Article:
The most comical part was that everyone was fine because there were no fewer than three doctors on site to stabilize the stab victims and treat until the ambulances arrived.

rogerb on July 25, 2013 at 7:37 PM

GZ had no duty to retreat to his vehicle, but his actions suggest he had no intention of doing so, and more, that he intended to keep pursuing TM until he found him.

Pure speculation. There is no evidence or testimony to support this.

There was no requirement that Zimmerman run quickly back to his vehicle and lock himself in it after he said he stopped “following”, or trying to sight, a Martin he had already lost sight of. He continued talking to the dispatcher while staying in that immediate area. All evidence and testimony indicates he did not move very far from the immediate area he was in when confronted by Martin. So what if he stood there wondering what to do next for a minute after hanging up the phone, or of he paced around for a little while. I can think of many reasons why he was uncertain where to tell the cop who was on the way to meet him. He was obviously having trouble giving directions over the phone. and so on and so forth.

He was in his own frakin’ neighborhood. And he obviously had not profiled Martin as someone who might viciously and violently attack and assault him.

Zimmerman had no idea who might having been watching him from the many homes that backed up to that area, and yet he did not waver a bit when giving his account, not knowing if there were witnesses who could contradict him. He did not waver or equivocate about his locations and where he said he was throughout when he voluntarily gave a walk through the next day. He still did not know what witnesses there might be who could contradict him. He did not know all of the witnesses there were and what they were saying until well after he was charged and the defense received that information.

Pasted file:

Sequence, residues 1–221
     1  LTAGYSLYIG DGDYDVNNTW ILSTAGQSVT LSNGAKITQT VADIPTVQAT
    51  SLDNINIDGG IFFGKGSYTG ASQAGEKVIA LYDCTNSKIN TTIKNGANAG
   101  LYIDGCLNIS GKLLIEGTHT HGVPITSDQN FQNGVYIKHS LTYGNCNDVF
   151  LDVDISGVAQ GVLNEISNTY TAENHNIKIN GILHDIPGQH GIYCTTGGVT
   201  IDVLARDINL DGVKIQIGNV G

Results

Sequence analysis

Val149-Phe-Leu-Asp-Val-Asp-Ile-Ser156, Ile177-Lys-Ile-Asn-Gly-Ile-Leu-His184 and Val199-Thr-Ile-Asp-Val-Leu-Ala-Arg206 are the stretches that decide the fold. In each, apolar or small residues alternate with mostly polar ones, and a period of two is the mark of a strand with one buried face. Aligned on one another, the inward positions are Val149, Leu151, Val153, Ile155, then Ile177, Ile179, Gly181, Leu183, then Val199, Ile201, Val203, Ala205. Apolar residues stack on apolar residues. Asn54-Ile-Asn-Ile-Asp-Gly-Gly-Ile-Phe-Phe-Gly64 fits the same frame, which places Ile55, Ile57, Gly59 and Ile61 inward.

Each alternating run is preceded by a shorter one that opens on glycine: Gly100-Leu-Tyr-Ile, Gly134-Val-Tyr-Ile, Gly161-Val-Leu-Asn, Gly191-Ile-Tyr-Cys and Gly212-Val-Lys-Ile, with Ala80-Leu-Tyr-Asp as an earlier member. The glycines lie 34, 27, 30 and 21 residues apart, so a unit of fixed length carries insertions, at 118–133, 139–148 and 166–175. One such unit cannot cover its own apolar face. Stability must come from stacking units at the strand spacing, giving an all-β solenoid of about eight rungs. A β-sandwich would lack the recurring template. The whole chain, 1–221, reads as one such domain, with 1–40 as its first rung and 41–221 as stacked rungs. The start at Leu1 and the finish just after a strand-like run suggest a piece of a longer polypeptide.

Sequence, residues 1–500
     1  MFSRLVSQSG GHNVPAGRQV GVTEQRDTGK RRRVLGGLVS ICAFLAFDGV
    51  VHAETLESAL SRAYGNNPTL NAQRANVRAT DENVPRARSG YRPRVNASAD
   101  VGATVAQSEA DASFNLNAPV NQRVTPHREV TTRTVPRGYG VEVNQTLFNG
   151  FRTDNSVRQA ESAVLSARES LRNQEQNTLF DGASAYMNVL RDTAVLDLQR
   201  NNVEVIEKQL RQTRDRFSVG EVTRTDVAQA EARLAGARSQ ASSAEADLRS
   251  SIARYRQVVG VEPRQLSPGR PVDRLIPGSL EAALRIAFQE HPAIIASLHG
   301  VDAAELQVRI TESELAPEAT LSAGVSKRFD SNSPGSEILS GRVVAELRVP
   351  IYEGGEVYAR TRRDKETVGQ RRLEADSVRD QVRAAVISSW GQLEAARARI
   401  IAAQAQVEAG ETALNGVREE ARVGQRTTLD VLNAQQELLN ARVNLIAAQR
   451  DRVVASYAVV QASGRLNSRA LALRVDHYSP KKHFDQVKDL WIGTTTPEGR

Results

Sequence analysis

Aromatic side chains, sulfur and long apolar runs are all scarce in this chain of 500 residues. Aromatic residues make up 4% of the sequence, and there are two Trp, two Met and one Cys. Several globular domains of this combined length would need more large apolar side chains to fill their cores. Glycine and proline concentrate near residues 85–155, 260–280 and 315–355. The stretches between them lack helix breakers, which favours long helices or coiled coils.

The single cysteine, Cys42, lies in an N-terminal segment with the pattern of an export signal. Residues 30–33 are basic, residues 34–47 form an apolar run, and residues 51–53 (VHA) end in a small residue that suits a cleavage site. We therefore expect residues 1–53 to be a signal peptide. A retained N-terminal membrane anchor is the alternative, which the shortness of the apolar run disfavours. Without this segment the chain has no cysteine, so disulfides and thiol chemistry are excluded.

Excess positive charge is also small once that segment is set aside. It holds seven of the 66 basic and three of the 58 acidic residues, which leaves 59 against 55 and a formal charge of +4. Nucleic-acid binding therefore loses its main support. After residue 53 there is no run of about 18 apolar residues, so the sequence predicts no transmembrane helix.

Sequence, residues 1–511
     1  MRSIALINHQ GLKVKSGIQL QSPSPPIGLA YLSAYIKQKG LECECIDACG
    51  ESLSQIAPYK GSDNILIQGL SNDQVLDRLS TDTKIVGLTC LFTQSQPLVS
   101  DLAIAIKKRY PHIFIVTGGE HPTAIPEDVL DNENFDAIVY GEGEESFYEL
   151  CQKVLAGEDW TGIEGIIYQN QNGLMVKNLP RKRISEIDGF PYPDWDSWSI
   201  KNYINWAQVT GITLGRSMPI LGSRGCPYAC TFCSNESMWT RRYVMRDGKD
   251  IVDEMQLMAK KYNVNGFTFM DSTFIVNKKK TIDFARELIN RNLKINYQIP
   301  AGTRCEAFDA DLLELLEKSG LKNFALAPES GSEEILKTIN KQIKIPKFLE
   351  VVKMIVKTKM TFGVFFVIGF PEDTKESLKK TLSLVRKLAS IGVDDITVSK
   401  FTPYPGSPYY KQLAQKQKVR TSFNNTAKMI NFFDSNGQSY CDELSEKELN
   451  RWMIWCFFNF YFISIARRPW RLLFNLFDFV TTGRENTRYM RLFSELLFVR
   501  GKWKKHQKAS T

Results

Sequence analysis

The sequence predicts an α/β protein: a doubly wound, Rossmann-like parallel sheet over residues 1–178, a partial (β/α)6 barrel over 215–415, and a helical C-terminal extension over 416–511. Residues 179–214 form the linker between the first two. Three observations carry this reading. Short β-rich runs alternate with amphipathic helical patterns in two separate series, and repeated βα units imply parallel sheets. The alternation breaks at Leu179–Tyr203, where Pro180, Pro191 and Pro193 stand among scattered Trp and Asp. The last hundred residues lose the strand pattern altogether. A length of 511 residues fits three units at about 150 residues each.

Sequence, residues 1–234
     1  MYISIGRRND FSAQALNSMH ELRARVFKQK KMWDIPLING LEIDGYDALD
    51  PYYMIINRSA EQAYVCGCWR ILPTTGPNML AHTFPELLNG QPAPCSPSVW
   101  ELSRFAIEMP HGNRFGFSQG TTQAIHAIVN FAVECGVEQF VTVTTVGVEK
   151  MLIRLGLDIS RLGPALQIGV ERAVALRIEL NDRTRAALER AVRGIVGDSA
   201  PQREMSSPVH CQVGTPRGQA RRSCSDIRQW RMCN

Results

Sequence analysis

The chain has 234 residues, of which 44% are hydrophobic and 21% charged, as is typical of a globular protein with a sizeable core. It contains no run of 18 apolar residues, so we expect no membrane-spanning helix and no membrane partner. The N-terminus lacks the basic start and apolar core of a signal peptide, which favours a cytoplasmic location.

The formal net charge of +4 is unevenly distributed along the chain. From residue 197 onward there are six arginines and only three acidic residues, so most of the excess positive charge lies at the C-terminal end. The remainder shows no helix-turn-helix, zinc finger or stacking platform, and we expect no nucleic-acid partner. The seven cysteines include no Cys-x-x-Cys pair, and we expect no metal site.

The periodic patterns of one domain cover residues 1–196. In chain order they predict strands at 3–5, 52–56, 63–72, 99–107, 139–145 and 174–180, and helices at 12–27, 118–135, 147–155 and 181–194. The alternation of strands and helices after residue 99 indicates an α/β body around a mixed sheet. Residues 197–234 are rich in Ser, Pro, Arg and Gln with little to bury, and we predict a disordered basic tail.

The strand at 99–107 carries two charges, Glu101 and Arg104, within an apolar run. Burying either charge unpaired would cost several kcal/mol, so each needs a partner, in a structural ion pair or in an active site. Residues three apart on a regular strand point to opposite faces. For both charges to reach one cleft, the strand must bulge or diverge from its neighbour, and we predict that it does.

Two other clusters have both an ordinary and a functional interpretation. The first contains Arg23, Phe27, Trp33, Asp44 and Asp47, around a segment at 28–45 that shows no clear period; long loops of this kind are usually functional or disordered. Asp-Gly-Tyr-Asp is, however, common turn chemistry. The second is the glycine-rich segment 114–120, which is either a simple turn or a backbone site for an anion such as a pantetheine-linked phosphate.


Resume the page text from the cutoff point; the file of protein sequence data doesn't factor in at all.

GZ was advised to not pursue TM not just because it could be dangerous for either or both parties, but b/c the potential confrontation could be chock full of misunderstandings between the two parties (and it was) and murky for our legal system to decifer afterwards (that too).

There was no testimony to support your speculation.

AFAIK dispatcher did not say that on the stand. And the dispatcher practically prompted what *you* are calling “pursuit” by the questions he was asking Zimmerman. The dispatcher admitted on the stand his questions could be “misinterpreted” that way and that Zimmerman could have exited his vehicle because of it.